The Blackhawks went 5-for-5 on the penalty kill in regulation, but couldn't stop the sixth one — a questionable slashing call on Nick Schmaltz —  in overtime when Brayden Point buried the winner on a 4-on-3 opportunity.

It was also interesting that Jon Cooper elected to go with four forwards (Nikita Kucherov, Vladislav Namestnikov, Point and Steven Stamkos) and zero defensemen during that man advantage, putting all of his offensive weapons out on the ice. It's something more teams should do in that situation.

2. Patrick Kane gets going.

After scoring just one goal in his previous 10 games, Kane found the back of the net twice in the opening frame against Tampa Bay and stayed hot against a team he historically plays well against. And he nearly netted a hat trick in overtime but couldn't cash in on a breakaway opportunity.

Kane has 20 points (eight goals, 12 assists) in 14 career regular-season games against the Lightning, and extended his point streak to five games. He has three goals and four assists over that stretch.

We wrote about how important it is for the Blackhawks' superstars to get going again with the offensive contributions mainly coming from role players as of late, and Kane getting into a groove is a perfect step in that direction.

3. How about that goaltending battle?

Corey Crawford and Andrei Vasilevskiy showed us exactly why they belong in the Vezina Trophy discussion, and as of this moment, it's hard not to include both of them as finalists. They put on a goaltending clinic, seemingly topping the other as the game went on.

The two teams combined for 71 scoring chances, and Crawford and Vasilevskiy came up big when their teams need them the most.

Crawford finished with 35 saves on 38 shots (.921 save percentage) in the loss while Vasilevskiy stopped 29 of 31 (.935 save percentage), and improved to 15-2-1 on the season. 

4. Missed opportunities.

You couldn't have asked for a better start for the Blackhawks. They scored the first goal 3:49 into the game and the second on the power play at 15:54, killed off three penalties, including a 5-on-3, had 24 shot attempts (13 on goal) compared to the Lightning's 16 attempts (11 on goal) and led in even-strength scoring chances 9-6.

It was a different story the rest of the way.

The Blackhawks took their foot off the gas pedal a bit and let the Lightning back in the game by getting away from what they do best, and that's control the puck. Obviously, you expected the league's best offense to push back and it's certainly not an easy task to keep them off the scoresheet all together.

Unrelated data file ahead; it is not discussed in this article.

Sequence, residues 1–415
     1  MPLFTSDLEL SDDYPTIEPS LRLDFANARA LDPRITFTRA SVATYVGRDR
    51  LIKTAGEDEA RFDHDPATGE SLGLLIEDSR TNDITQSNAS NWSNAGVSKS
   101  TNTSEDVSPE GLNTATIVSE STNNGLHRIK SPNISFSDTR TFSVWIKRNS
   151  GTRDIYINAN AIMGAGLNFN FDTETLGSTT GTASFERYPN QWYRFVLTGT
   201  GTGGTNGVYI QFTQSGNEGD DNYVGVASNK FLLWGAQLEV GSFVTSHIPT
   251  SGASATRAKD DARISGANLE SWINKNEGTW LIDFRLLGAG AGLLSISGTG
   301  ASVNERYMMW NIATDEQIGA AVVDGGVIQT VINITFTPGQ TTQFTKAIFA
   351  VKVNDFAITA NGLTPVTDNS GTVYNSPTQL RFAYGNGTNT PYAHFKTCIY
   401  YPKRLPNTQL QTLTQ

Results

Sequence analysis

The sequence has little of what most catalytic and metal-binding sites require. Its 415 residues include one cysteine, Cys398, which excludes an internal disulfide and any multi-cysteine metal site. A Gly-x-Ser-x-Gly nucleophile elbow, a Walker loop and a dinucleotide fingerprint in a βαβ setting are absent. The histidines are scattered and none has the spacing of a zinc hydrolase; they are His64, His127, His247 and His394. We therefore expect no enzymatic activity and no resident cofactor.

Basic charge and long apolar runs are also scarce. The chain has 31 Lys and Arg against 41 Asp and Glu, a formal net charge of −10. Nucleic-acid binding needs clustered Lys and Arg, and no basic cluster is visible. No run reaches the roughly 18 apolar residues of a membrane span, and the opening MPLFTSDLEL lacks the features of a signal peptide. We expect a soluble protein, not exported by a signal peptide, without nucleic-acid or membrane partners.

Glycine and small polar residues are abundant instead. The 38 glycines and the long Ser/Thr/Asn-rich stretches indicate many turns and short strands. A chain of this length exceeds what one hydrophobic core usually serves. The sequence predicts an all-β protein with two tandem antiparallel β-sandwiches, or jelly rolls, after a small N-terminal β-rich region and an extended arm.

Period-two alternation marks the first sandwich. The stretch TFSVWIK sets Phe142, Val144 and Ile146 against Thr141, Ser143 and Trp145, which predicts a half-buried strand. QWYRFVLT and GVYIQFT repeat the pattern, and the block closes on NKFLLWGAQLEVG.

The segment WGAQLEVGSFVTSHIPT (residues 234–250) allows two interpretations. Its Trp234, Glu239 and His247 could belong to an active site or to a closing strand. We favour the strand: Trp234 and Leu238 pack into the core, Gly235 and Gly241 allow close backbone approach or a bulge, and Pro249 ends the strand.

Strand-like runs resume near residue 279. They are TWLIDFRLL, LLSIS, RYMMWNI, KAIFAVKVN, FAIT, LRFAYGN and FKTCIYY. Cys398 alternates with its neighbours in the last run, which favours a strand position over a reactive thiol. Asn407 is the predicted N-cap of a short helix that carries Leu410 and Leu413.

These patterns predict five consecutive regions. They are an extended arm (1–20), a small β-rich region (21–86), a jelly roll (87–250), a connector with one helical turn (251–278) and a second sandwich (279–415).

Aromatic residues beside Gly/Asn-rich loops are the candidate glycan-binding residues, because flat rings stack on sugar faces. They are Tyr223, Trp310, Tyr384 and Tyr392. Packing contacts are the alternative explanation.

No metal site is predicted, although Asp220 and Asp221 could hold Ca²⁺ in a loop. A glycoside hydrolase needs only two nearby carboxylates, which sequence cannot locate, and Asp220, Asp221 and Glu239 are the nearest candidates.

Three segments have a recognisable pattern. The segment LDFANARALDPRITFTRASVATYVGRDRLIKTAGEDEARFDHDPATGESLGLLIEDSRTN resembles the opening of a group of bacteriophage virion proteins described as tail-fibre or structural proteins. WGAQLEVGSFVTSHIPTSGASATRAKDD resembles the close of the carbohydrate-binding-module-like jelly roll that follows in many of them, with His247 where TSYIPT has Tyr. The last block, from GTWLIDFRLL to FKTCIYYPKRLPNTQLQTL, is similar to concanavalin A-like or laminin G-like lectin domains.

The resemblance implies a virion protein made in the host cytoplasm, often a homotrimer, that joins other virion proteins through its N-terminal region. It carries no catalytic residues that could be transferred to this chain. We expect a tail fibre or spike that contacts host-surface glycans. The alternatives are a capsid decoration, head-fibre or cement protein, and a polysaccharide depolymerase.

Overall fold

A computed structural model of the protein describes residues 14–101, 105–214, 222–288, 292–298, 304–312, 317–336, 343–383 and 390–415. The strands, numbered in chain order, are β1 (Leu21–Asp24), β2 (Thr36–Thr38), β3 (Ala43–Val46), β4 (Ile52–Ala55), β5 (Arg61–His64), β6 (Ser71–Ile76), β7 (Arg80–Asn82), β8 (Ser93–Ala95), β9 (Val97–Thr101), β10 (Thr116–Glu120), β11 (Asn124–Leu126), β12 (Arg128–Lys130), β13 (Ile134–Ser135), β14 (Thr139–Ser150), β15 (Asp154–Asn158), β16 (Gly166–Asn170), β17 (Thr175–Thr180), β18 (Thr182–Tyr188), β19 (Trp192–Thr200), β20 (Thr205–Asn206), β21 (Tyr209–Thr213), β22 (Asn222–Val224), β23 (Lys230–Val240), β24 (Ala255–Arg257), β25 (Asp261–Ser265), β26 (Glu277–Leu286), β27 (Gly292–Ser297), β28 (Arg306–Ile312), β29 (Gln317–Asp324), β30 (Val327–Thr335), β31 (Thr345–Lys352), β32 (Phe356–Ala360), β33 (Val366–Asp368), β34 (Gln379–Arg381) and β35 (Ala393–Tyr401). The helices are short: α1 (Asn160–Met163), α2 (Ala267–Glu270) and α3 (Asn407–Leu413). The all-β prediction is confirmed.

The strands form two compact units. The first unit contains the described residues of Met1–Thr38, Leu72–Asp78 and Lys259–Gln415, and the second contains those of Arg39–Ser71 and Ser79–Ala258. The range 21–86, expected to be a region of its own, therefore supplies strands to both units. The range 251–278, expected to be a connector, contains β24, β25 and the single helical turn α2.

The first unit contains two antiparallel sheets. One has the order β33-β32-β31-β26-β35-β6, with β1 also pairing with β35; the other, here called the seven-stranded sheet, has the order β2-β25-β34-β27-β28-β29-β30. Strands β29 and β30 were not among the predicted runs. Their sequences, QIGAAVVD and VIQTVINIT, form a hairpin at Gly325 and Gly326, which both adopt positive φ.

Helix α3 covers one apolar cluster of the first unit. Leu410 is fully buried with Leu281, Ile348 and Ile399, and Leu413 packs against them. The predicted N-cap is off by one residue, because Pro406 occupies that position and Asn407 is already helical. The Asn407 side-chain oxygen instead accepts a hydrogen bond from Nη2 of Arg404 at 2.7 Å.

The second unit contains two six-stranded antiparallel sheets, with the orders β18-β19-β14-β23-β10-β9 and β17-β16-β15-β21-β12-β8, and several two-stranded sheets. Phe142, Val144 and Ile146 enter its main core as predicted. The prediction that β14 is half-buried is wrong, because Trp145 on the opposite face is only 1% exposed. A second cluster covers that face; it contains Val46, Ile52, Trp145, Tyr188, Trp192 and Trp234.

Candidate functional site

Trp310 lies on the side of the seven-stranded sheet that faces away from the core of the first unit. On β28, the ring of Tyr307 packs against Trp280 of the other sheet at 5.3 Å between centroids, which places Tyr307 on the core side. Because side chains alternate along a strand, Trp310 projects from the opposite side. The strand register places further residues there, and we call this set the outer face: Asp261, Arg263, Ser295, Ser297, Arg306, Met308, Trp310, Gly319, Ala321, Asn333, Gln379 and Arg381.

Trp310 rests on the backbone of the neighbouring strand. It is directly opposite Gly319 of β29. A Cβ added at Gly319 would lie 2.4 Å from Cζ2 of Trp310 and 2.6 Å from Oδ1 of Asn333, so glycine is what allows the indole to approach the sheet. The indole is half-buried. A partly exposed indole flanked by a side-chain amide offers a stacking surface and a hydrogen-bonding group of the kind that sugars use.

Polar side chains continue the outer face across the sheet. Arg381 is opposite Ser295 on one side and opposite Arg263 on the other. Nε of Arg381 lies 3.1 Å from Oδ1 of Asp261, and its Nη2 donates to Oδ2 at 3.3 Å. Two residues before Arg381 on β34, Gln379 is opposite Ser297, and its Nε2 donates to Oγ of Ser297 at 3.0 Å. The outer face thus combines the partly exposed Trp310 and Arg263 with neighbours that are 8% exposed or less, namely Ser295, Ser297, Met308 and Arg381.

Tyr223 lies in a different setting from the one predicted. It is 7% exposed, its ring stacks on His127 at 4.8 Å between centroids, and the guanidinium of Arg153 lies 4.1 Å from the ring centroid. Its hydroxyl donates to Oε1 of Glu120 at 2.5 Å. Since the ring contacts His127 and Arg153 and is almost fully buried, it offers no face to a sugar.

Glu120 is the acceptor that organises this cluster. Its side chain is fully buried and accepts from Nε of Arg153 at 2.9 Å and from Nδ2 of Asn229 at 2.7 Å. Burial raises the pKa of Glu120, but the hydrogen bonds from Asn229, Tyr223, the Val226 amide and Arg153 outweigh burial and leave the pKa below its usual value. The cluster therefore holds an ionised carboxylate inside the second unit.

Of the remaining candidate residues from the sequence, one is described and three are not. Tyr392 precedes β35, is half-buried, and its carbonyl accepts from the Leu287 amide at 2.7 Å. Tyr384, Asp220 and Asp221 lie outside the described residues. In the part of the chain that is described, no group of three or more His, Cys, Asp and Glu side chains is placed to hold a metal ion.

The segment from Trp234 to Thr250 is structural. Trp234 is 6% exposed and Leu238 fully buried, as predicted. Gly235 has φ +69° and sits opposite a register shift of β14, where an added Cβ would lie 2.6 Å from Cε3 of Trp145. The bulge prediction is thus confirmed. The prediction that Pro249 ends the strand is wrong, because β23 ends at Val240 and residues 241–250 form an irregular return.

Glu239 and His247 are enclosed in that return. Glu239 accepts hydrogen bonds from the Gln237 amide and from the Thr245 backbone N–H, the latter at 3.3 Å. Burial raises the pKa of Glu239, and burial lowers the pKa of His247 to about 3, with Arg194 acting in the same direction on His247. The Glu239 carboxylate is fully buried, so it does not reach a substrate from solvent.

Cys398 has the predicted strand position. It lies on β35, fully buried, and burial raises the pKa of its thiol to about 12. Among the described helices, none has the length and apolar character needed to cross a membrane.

But the Blackhawks had their chances to stay in front or retake the lead and just couldn't bury them. Tampa Bay had 50 shot attempts from the second period on while the Blackhawks had only 32, and finished with 44 scoring chances compared to Chicago's 27.

5. Richard Panik in the doghouse?

Joel Quenneville didn't go to his line blender in this one, but he did shorten some leashes. Panik, most notably, had a season-low 12:28 of ice time in the loss and had 15 shifts, which was second-fewest only to Ryan Hartman (13) on the team.

Panik had a prime chance to break a 2-2 tie in the third period but was denied by Vasilevskiy, who made a remarkable left-pad save. Instead, Panik extended his goal drought to 12 games and didn't get a shift in overtime.

He's certainly better and will get his scoring chances when playing on the top line with Toews and Brandon Saad, but the missed opportunities are magnified in tight losses. It doesn't look like a move down in the lineup is coming given the success of Alex DeBrincat, who gives the Blackhawks an offensive weapon on the third line, but perhaps it should be considered.

Bring your own stuffing: Jazz swat Bulls on Thanksgiving Eve

Bring your own stuffing: Jazz swat Bulls on Thanksgiving Eve

On the second (turkey) leg of a back-to-back, the Bulls didn't bring much energy in a 110-80 loss to the Utah Jazz. 

Instead of diving into the nitty-gritty of the uninspiring effort, though, we decided to just serve you up a Thanksgiving meal of highlights. Here are the top blocks from Wednesday's game: 

5. Derrick Favors is no Rudy Gobert -- that we know -- but imitation is the highest form of flattery. 

4. Are Bobby Portis chase down blocks the new LeBron James chase down blocks? Let's not get carried away... yet. We'll chalk it up to just a real nice hustle play by Bobby. 

3 and 2. Speaking of hustle plays... Jonas Jerebko isn't exactly known as a dominant defender. He sure made it hard for the Bulls on what should of been an easy fast-break bucket in the third quarter, though. First, he silenced Kris Dunn's reverse. Then, he met Lauri Markkanen at the rim and sent the rookie packing. The Baby Bulls 2.0 can blame it on fatigue, but they just handed Jerebko a highlight tape for years to come.   

1. In fairness, Jerian Grant had to get up a shot as the quarter was coming to a close. It is as vicious as it looks, though.